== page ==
You can:

- Remove property sheet code altogether, see if that cures the problem. If it does, add parts of it back slowly, run your app often to make sure you''re not breaking anything.

- If that doesn''t help, post your call stack when the crash occurs. I might get some ideas by looking at it. Don''t you think debugging MFC is fun? I''m only kidding, of course.

- Drop to #directxdev. I may be able to do more for you in realtime, as debugging requires a lot of questions answered.

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Thanks.

I will recheck all ON_MESSAGE calls and make sure the corresponding functions all have WPARAM and LPARAM as their in their parameters.

-----
- If that doesn''t help, post your call stack when the crash occurs. I might get some ideas by looking at it. Don''t you think debugging MFC is fun? I''m only kidding, of course.
-----

What do you mean "call stack?" I can post anything that could help debug this problem. Where do I get a log of the call stack?

I tried removing the property sheet. Removing the property sheet does in fact fix the initial Acception Violation. However, I cannot test the program to make sure the property page works, since the entire property sheet has been removed. Now I am 90% positive the property page is okay. I think Windows is doing something to the property sheet that I need to stop or take into account.

I have not remove any optimization. How do I do that? I am using Visual C++ .NET.

Last, what IRC network are you on? I can meet you in #directxdev.

Thanks,
Kuphryn

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quote:
Original post by kuphryn
What do you mean "call stack?" I can post anything that could help debug this problem. Where do I get a log of the call stack?


A call stack is the list of all functions that lead from WinMain to this particular piece of code. For example, if WinMain calls A and A call B and B crashes, your call stack would look like this:

B
A
WinMain

There''s more information in it, of course. In MSVC6, you can see it by hitting Alt-7, I don''t know about MSVC7. Check the docs, the combination should be there, or look in menus (I have it under View-Debug Windows).
quote:

I have not remove any optimization. How do I do that? I am using Visual C++ .NET.


In MSVC6 again, in Project Settings/C++/General there''s a combobox "Optimizations". Check your docs for location of it in your IDE.
quote:

Last, what IRC network are you on? I can meet you in #directxdev.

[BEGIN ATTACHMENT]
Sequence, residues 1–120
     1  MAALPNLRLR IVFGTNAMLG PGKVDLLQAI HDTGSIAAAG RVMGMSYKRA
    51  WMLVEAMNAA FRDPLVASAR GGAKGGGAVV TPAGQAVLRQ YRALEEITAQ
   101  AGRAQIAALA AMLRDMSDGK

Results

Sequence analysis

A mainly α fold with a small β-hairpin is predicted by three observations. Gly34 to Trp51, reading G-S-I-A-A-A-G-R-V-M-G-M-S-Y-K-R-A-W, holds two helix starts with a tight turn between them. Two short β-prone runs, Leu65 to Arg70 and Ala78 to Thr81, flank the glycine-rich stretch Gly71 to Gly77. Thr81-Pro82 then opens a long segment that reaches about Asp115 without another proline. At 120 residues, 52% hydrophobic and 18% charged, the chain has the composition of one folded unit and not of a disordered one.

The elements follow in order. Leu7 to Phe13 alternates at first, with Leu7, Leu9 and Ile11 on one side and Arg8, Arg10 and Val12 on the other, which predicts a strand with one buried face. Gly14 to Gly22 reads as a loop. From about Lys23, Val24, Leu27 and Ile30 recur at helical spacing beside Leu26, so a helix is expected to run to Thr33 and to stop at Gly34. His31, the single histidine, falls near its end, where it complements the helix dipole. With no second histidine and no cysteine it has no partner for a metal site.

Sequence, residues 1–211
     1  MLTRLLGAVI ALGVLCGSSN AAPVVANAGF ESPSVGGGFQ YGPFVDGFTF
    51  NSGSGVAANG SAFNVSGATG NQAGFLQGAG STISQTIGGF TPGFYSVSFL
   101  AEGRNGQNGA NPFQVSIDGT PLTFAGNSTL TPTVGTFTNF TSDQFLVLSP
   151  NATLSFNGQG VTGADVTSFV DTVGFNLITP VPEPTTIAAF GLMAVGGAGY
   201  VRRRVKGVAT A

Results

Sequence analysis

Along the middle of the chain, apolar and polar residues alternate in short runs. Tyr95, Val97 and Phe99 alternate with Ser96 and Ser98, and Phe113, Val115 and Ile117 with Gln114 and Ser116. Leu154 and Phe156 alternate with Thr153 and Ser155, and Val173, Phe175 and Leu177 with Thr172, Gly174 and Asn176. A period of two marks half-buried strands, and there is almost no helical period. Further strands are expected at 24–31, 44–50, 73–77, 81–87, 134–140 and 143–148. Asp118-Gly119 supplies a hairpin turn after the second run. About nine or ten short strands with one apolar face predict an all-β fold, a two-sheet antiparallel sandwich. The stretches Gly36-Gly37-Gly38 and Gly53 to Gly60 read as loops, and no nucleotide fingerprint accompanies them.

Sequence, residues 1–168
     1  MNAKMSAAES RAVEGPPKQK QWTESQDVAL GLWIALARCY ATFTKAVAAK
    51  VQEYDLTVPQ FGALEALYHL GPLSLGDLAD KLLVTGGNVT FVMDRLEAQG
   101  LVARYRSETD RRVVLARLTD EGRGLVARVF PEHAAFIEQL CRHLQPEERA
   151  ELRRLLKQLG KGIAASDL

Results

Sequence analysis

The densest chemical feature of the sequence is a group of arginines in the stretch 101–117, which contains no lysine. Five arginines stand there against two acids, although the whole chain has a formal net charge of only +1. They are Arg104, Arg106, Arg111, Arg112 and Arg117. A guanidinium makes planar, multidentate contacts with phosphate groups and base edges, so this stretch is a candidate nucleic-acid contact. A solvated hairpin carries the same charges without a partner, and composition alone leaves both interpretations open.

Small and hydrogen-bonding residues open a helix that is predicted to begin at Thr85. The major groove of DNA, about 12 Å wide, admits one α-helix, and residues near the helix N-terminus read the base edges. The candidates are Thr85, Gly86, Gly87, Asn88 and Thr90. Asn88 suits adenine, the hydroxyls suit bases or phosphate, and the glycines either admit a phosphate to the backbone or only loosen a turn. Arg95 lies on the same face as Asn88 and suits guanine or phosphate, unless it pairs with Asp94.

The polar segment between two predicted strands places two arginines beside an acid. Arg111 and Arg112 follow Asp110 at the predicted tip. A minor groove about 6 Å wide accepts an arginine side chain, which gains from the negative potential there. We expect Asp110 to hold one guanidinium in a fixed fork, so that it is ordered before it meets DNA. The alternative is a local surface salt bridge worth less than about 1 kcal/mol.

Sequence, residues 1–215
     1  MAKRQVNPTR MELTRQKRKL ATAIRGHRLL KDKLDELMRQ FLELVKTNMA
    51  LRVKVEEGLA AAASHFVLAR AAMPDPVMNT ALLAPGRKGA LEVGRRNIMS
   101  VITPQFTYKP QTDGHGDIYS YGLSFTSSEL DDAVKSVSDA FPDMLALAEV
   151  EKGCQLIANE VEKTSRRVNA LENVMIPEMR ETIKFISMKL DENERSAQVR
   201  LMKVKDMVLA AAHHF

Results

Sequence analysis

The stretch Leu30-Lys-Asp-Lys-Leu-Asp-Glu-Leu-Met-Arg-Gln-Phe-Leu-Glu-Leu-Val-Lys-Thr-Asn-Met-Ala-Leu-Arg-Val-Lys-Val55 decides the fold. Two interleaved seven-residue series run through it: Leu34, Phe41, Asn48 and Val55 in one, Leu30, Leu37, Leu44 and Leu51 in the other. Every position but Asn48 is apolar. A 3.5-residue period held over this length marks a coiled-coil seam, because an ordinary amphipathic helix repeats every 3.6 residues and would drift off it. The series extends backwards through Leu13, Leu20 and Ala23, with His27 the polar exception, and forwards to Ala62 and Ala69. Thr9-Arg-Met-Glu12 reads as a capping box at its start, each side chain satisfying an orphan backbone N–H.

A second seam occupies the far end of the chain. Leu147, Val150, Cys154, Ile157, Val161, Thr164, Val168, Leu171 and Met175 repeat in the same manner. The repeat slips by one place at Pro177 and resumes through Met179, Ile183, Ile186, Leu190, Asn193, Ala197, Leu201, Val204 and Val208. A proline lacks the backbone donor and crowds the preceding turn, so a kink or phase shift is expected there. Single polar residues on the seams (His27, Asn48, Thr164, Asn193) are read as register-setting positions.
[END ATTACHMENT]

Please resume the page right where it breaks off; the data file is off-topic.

AfterNet, that''s irc.afternet.org (I''m using therk.us.afternet.org as the server).

---
Come to #directxdev IRC channel on AfterNET

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Okay. I disabled all optimization. This time, the program did not crash, but some features does not work. For example, the program does not update the selection list when a user select or deselect items in the CListCtrl box.

Disabling optimization definitely fix something in the program. This is weird. In general, is optimization good or bad?

Kuphryn

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Optimizations give the faulty code a better chance to crash. By moving code around, eliminating unused variables, changing execution paths, and making assumptions about how the code "should" behave, the compiler presents the bad code with an environment that is less fault-tolerant and less predictable. Bad code usually makes its own assumptions, mostly that the compiler or other code will correct its misbehavior. With optimizations on, nothing is corrected, and bad code messes itself up beyond recovery.

Maybe you should comment out other portions of your program until it behaves like it should, with whatever functionality is left, and then uncomment them one-by-one.

---
Come to #directxdev IRC channel on AfterNET

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Okay. I have found the problem.

The problem has to do with the way I was determining the state of an item in a CListCtrl. I had to change the algorithm. Now the program no longer crashes.

MFC does some really weird stuff in the background. Be careful or you might end up with many problems.

Kuphryn